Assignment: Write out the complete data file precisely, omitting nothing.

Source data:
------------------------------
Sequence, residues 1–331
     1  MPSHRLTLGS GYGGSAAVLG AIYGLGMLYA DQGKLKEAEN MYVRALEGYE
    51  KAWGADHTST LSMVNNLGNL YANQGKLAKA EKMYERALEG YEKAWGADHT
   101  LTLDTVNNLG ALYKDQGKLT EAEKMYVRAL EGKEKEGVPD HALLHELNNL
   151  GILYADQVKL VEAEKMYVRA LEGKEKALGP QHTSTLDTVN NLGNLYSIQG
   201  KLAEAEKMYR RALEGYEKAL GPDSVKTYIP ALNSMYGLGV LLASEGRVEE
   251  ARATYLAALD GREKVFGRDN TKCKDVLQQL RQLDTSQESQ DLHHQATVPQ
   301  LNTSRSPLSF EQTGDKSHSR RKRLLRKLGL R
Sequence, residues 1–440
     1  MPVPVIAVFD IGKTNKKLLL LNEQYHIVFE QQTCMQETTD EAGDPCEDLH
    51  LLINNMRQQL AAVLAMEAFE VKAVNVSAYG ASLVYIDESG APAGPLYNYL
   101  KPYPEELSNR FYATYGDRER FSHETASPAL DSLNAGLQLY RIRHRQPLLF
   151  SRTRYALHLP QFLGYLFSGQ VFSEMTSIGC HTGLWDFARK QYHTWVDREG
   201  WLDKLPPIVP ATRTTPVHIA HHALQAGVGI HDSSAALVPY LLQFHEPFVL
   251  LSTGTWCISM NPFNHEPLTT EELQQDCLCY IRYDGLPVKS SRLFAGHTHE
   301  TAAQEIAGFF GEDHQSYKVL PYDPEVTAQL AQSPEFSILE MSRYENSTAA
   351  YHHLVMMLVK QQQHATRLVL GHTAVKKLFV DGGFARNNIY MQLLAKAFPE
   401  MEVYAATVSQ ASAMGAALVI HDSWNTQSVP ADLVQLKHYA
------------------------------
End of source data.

Sequence, residues 1–331
     1  MPSHRLTLGS GYGGSAAVLG AIYGLGMLYA DQGKLKEAEN MYVRALEGYE
    51  KAWGADHTST LSMVNNLGNL YANQGKLAKA EKMYERALEG YEKAWGADHT
   101  LTLDTVNNLG ALYKDQGKLT EAEKMYVRAL EGKEKEGVPD HALLHELNNL
   151  GILYADQVKL VEAEKMYVRA LEGKEKALGP QHTSTLDTVN NLGNLYSIQG
   201  KLAEAEKMYR RALEGYEKAL GPDSVKTYIP ALNSMYGLGV LLASEGRVEE
   251  ARATYLAALD GREKVFGRDN TKCKDVLQQL RQLDTSQESQ DLHHQATVPQ
   301  LNTSRSPLSF EQTGDKSHSR RKRLLRKLGL R
Sequence, residues 1–440
     1  MPVPVIAVFD IGKTNKKLLL LNEQYHIVFE QQTCMQETTD EAGDPCEDLH
    51  LLINNMRQQL AAVLAMEAFE VKAVNVSAYG ASLVYIDESG APAGPLYNYL
   101  KPYPEELSNR FYATYGDRER FSHETASPAL DSLNAGLQLY RIRHRQPLLF
   151  SRTRYALHLP QFLGYLFSGQ VFSEMTSIGC HTGLWDFARK QYHTWVDREG
   201  WLDKLPPIVP ATRTTPVHIA HHALQAGVGI HDSSAALVPY LLQFHEPFVL
   251  LSTGTWCISM NPFNHEPLTT EELQQDCLCY IRYDGLPVKS SRLFAGHTHE
   301  TAAQEIAGFF GEDHQSYKVL PYDPEVTAQL AQSPEFSILE MSRYENSTAA
   351  YHHLVMMLVK QQQHATRLVL GHTAVKKLFV DGGFARNNIY MQLLAKAFPE
   401  MEVYAATVSQ ASAMGAALVI HDSWNTQSVP ADLVQLKHYA